I hope you are all well. There has been a recent resurgence in focus on child sexual abuse and its impacts not only on the victims but on their family and support systems as a whole. With recent documentaries, exposes, and interviews with alleged celebrity perpetrators, many parents are finding new fears not only around protecting their children from being the victims of such trauma but also around how to do damage control when they find out that their child has been a victim. In response to numerous parent questions and concerns, this month's post will take a look at some tools that parents (or any loved ones) can use at the time abuse has been disclosed to provide some anchorage in the new storm of chaos.
A child's disclosure of sexually abused trauma has the emotional and psychological impact of nuclear explosion on the whole family system. Just like a nuclear explosion, the disclosure of the abuse represents the initial detonation of a trauma bomb on what we can say is the village of a previously an intact family. The subsequent shockwaves following the detonation represent the devastation of farther ranging impacts on the family as a whole as well as its component individuals. The effects of disclosure on individuals in the family are called fallout and, just like the aftermath of a nuclear explosion, can linger for years and can continue to deliver poison that weakens recovery efforts or in some cases contribute to their complete failure. A disclosure of sexual abuse does not come with the aid of an air raid siren or with other advanced warning in many circumstances. While there are warning signs of sexual abuse , in many cases there is no knowledge that it is even occurring, which makes the power of the initial blast so much more devastating. It is outside the scope of this post to go into detail about all of the different emotional and psychological aspects giving power to the trauma bomb, however it is critical to note that they are many, conflicting, and totally overwhelming. When a child reveals abuse to the parent, that explosion is immediately absorbed by the parent, which sets off their own chain reaction of thoughts and emotional trauma. This chain reaction continues as it spreads from family member to family member and throughout the extended support system, hence the shockwave effect.
Before we look into our suggestions for emergency response, I want to take a moment to make several points very clear. Taking them to heart may be very difficult, but you, the parent or loved one, need to make the effort for yourself and your child.
First, you may have an overwhelming surge of guilt that you did not protect your child or that you had no idea they were being abused. Experience that emotion but do not get caught in it because you will invariably collapse inward on yourself at the expense of being able to help your child. Please remember that perpetrators of sexual abuse are very good at not getting caught and it often only gets revealed after the abuse has been going on for a long time. Since you are not a super hero with powers of seeing what is not visible, you cannot be expected to know.
Second, it is unreasonable to expect that your child has been purposely withholding information from you about the abuse or that they are trying to gain some kind of attention by revealing abuse to you. For us children who have been abused, whether we reveal early into the abuse, or many years later, it is completely dependent on how we have been scarred by the abuse. For many of us, we have been threatened or coerced into silence. For others, we have been groomed to believe that the abuse is alright and normal. For others, there is fear that we will not be believed if we tell our loved ones, or that we might be responsible for destruction of the family. Many of us, when encountered with the shocking fact that the abuse is either not ok or has been so damaging to our bio-psycho-social-spiritual-sexual self, withdraw into numbness or experience profound shame and try to bury the horror. We do not reveal sexual abuse with the goal of hurting you. If we could we would make it our responsibility to take on your trauma from hearing our revelation; we experience tremendous guilt as a result, which often contributes to why we won't tell you.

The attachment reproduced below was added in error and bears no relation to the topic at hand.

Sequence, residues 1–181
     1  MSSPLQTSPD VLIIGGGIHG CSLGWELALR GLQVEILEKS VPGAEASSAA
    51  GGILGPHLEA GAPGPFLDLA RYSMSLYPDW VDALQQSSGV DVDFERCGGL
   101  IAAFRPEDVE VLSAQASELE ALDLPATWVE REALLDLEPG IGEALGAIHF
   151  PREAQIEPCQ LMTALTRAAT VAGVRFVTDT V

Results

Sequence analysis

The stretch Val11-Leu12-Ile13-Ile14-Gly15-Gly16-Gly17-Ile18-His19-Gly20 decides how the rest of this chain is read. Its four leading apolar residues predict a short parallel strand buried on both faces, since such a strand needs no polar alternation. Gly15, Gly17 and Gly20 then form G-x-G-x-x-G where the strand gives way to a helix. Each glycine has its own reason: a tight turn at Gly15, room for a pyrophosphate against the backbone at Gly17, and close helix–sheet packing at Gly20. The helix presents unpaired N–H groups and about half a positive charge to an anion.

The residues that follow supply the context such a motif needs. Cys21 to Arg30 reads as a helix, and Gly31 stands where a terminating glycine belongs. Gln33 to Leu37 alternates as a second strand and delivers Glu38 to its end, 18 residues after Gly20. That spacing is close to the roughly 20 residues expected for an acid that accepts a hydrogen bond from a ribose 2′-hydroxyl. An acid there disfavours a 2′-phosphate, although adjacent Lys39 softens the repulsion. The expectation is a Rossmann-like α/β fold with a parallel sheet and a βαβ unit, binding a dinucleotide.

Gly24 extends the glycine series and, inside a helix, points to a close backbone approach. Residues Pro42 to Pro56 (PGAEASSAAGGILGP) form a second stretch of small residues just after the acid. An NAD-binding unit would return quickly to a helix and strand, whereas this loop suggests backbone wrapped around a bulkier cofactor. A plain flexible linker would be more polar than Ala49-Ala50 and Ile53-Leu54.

Third, you as the parent, may have expectations for how your child reacts to their own disclosure. You may also have expectations for yourself for how you will react to the detonation. Consider SUSPENDING YOUR DISBELIEF. A child who has been abused is experiencing a huge range of thoughts and feelings all conflicting with each other and uncontainable when pushed too far. You may not get an emotional reaction you are expecting. for example, one child I worked with experienced disclosure of their trauma as a happy event because they felt a sense of freedom from the terror they had endured. Another displayed no emotion at all. as recipients of this information you may not know how to react either, yet however you do, know that it is real and valid, and must be held in some control when you are being told about the abuse.
Fourth, the shockwaves of the abuse will spread to other members of the family, especially if a member is the perpetrator. Know that further damage control and crisis intervention will be needed. Family alliances, structure, supports, strengths, functioning, and identity of the family as cohesive unit all get destroyed by the detonation of the sexual abuse trauma bomb. Trust gets destroyed and relationships can be irreparably damaged.
However, you as parents, are resilient and that quality is critical to have not just at the time of disclosure but as you help everyone heal and rebuild the family village. You will need this resilience and an ability to tap into your deepest strength as a caregiver to provide the necessary damage control and lay the groundwork for your child's recover, which will be discussed in the next post.